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Posts tagged Restasis
Will the Federal Circuit’s tribal immunity decision in St. Regis Mohawk Tribe v. Mylan make it to the Supreme Court?

The Federal Circuit has sided against the Tribe and Allergan.  On July 20, the Federal Circuit affirmed the decision by the Patent Trial and Appeal Board that denied the motion by the St. Regis Mohawk Tribe to terminate a series of inter partes review proceedings commenced by Mylan ($MYL) against patents listed in the Orange Book for Allergan’s ($AGN) drug Restasis®.  What are the takeaways from this decision?

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Takeaways from the Tribe’s Oral Argument at the Federal Circuit: St. Regis Mohawk Tribe v. Mylan

On June 4, 2018, the Federal Circuit heard oral argument in Allergan’s effort to assert tribal immunity at the PTAB to shut down six IPRs against its Restasis® patents.  The St. Regis Mohawk Tribe has appealed the PTAB’s prior decision that it cannot assert its immunity as a basis to terminate the IPRs.  While there was no clear indication for how the three-judge panel at the Federal Circuit would rule, there were some interesting exchanges revealing how the Court views these types of transactions, and how viable they may be in the future.

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The PTAB's Allergan / St. Regis Mohawk Decision: Explained

The PTAB has issued its much-anticipated decision on whether Allergan managed to pull off it’s scheme to avoid IPRs of its Restasis® patents by “selling” the patents to the St. Regis Mohawk Tribe.  On February 23, 2018, the PTAB denied the Tribe’s motion to terminate the IPRs on the ground based on its tribal sovereign immunity.  What were the PTAB’s reasons for denying the Tribe’s motion to terminate the IPRs?  And what are the ramifications for similar deals in the future?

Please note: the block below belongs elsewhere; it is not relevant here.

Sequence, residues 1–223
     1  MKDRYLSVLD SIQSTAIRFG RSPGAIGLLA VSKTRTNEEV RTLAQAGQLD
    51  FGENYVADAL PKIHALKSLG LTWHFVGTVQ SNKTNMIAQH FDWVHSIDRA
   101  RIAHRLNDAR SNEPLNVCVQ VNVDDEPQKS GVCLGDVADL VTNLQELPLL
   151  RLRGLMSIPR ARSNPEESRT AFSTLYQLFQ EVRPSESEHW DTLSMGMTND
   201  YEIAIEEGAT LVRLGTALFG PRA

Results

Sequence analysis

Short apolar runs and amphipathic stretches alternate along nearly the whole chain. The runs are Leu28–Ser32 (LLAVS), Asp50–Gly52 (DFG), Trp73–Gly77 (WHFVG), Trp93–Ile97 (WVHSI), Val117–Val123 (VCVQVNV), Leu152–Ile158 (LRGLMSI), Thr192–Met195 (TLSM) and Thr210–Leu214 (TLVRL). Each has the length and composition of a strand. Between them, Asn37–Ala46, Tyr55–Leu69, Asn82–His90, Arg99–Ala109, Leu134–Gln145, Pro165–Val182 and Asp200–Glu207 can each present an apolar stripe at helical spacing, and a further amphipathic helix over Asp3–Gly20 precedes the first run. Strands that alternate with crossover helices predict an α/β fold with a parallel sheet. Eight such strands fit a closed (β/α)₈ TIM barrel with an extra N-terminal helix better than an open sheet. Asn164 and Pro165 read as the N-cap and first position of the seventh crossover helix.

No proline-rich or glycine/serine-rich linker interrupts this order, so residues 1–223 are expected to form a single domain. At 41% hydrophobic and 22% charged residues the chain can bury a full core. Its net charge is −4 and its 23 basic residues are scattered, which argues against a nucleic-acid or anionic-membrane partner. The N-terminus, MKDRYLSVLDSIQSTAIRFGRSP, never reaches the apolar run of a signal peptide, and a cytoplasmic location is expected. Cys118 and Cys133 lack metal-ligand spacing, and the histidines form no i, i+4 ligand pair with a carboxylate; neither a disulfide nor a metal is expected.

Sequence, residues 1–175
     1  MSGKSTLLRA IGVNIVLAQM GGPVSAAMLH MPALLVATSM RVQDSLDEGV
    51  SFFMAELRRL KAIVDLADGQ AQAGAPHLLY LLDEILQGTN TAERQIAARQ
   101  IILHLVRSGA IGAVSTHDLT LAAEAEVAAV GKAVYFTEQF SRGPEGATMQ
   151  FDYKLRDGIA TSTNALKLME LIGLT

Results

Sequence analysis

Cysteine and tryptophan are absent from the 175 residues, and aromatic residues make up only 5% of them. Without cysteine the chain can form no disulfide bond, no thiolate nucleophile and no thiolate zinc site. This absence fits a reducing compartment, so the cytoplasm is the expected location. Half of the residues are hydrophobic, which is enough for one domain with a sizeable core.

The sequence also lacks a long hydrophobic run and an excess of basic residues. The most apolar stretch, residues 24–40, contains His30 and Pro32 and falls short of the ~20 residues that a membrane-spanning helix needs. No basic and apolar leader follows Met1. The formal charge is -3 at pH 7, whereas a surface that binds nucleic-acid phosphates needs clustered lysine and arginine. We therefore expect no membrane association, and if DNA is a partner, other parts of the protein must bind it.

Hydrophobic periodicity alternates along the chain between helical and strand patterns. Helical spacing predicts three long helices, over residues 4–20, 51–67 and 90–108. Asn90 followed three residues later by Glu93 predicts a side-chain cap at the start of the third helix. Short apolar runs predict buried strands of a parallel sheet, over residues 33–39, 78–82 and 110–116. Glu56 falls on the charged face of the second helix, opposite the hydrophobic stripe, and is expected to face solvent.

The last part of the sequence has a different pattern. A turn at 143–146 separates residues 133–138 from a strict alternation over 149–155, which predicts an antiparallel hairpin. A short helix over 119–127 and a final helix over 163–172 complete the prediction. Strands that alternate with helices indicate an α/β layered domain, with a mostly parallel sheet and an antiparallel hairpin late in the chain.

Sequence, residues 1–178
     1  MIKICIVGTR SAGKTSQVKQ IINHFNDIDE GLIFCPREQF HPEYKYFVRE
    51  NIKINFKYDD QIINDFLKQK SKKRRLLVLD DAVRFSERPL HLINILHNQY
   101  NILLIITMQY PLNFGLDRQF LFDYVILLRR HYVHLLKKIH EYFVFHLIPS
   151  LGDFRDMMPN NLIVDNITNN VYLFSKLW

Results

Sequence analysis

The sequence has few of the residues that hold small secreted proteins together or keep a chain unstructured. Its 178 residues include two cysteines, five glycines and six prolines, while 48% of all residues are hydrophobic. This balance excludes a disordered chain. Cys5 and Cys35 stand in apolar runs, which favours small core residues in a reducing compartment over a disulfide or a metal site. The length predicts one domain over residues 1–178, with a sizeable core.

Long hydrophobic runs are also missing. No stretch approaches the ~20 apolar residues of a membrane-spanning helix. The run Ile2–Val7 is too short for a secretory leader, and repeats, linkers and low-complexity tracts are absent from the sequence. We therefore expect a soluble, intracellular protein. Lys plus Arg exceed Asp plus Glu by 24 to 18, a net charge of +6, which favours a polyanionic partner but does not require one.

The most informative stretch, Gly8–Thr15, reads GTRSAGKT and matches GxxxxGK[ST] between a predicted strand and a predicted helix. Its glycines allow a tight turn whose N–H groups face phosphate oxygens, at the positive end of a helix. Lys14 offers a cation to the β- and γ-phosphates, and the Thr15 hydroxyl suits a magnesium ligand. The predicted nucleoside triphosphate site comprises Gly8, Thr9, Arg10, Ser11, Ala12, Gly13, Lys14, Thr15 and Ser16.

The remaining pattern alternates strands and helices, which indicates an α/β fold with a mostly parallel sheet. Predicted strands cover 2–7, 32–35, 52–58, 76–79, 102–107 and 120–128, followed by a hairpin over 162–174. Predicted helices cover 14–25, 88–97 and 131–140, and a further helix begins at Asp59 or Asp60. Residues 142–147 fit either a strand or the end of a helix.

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Latest developments on whether the “litigation waiver” really dooms the Tribe’s assertion of sovereign immunity against the Restasis® IPRs

Allergan’s PTAB Restasis® fight continues, and a recent email tiff before the PTAB between the St. Regis Mohawk Tribe and Mylan has added a further wrinkle to this case.  As we previously blogged, a recent decision by the PTAB (between the University of Minnesota and Ericsson) held that a State’s sovereign immunity against an IPR is waived under the Eleventh Amendment where the State affirmatively asserts the challenged patent in litigation.  That decision appeared to potentially doom Allergan’s strategy of passing off its Restasis® patents to the Tribe to defend against the IPRs.  A recent email exchange between the Tribe and Mylan (the Petitioner in the pending Restasis® IPRs) at the PTAB suggests the University of Minnesota decision may not, in fact, be the nail in the coffin that Mylan had likely hoped.  But it also shows that the Tribe may not be on as sound footing as it is claiming.

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The PTAB’s latest sovereign immunity decision leaves open as many questions as it answers.

In the latest twist in the saga pitting sovereign immunity against inter partes review, the PTAB issued a decision on December 19, 2017 that potentially jams a spoke into the wheels of future partnerships between brand pharma and Tribes.  What does this decision bode for Allergan’s Restasis® deal with the St. Regis Mohawk Tribe?  What are the consequences of this decision?

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Notable points from the Tribe's Reply Brief in Restasis® briefing before the PTAB.

The problem with these arguments is that even if they are all true (which is questionable,) they are besides the point.  The issue at stake is whether renting sovereign immunity to evade having to defend the validity of your patent is either permissible or should be permissible.  Indeed, Judge Bryson admonished Allergan for being “conspicuously silent about the broader consequences of the course it has chosen.”  (Allegan v. Teva, Dkt. 522 at 4-5).  Mr. Saunders op-ed in The Wall Street Journal is equally silent. 

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